I did get to connect with some long-lost friends who responded to the mailer and came to look and to visit…what could be better than that?



made it into The Sunday Oregonian‘s ‘Short Takes’ column with this little ditty:

No, no, no! Do not give the nod to Winkin’ and Blinkin’.

prompted by annoyance at being constantly winked at by both McCain and Palin.

Richard’s comment: Does anyone in this day and age even ‘get’ the reference? I had to admit to not being able to call up the complete nursery rhyme, Winken Blinken and Nod. Anyone?

(later in the day) Googled it, and here it is in its quaint entirety:

Winkin’ Blinkin’ and Nod, one night Sailed off in a wooden shoe;
Sailed on a river of crystal light into a sea of dew.
“Where are you going and what do you wish?” the old moon asked the three.
“We’ve come to fish for the herring fish that live in this beautiful sea;
Nets of silver and gold have we” said Winkin’ Blinkin’ and Nod.

The old moon laughed and he sang a song as they rocked in the wooden shoe.
And the wind that sped them all night long ruffled the waves of dew.
Now the little stars are the herring fish that live in that beautiful sea;
“Cast your nets wherever you wish never afeared are we!”
So cried the stars to the fishermen three – Winkin’ Blinkin’ and Nod.

So all night long their nets they threw to the stars in the twinkling foam.
Then downward came the wooden shoe bringing the fishermen home.
Twas all so pretty a sail it seemed as if it could not be.
And some folks say twas a dream they dreamed of sailing that misty sea.
But I shall name you the fishermen three – Winkin’ Blinkin’ and Nod.

Now Winkin’ and Blinkin’ are two little eyes and Nod is a little head.
And the wooden shoe that sailed the skies is a wee ones trundle bed.
So close your eyes while mother sings of the wonderful sights that be.
And you shall see those beautiful things as you sail on the misty sea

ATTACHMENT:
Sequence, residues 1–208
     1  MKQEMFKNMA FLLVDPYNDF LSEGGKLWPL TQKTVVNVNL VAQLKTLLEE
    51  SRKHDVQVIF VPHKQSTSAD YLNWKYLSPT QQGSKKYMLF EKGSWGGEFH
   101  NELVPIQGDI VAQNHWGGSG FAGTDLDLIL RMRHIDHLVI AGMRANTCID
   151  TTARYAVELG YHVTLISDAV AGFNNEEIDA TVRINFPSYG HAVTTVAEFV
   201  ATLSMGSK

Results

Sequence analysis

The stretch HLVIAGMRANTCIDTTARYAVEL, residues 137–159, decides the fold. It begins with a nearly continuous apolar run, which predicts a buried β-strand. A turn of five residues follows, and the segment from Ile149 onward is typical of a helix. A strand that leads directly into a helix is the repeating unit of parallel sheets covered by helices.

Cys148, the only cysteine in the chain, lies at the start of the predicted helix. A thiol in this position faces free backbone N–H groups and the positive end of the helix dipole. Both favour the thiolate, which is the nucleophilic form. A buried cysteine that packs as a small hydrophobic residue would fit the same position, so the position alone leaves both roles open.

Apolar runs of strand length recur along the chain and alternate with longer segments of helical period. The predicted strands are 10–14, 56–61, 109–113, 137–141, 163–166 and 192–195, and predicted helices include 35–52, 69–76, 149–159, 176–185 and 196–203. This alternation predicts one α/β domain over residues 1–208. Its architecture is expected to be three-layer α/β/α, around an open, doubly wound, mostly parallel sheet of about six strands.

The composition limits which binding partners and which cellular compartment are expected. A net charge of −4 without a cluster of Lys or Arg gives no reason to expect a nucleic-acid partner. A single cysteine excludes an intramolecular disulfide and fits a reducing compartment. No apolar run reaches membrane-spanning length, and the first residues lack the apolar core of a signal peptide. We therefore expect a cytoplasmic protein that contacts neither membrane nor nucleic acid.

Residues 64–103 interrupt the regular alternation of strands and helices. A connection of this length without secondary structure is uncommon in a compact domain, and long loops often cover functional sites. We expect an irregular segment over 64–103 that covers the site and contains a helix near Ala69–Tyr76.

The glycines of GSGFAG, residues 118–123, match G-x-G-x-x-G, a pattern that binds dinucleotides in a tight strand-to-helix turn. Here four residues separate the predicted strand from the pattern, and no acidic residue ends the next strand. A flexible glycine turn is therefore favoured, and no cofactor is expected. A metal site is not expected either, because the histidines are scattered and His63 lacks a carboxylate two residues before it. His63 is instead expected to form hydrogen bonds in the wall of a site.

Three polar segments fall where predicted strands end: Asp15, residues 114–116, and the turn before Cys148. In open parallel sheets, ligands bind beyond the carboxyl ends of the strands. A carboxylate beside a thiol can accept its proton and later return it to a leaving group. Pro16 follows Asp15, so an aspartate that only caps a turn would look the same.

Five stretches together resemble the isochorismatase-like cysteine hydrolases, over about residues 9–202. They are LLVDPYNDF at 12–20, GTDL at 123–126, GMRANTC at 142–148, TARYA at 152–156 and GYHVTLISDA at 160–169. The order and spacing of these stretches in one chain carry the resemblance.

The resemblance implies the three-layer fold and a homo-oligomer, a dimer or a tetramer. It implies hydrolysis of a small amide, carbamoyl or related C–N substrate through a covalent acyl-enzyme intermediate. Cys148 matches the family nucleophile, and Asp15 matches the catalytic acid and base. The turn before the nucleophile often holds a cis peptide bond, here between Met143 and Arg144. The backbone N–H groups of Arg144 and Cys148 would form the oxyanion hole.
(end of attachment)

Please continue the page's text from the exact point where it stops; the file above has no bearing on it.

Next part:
Where the old shoe rocked the fishermen three – Winkin’ Blinkin’ and Nod.

and there you have it…ain’t the internet grand?


I have long hankered for a visit to see the Bellevue Border, having seen and heard of it for many years. On the last weekend in October, we took a trip to Seattle to visit with family. Since a three year old was part of the gathering (actually, more the focus of the gathering) everyone took to the idea of a day spent wandering in wide open spaces.


Of course, the big draw for the border has to do with blooms. This late in the season, most blooming plants have passed their peak…on top of which, the border was undergoing a major overhaul. What I hadn’t known was that the border is only a small part of a botanical garden spreading over many acres. The trails are beautifully maintained, and weave through woodlands, meadows, a Japanese garden, a water-wise garden, a garden of natives, and maybe more (three-year-olds are, as you may know, somewhat distracting).


The woodlands were a study in green, with the occasional hydrangia sparkling in the sunlight filtering through the canopy.


I can just imagine what this dry streambed would be like with the primulas in bloom, but that is to take nothing away from its quiet charm here.


I wanted to include a human, to give an idea of the massive scale of the rocks in the Japanese garden.


Here they are again

I would still like to return in early spring or high summer, to see the much-touted border in full glory, but left the garden fully sated by beauty of a different order.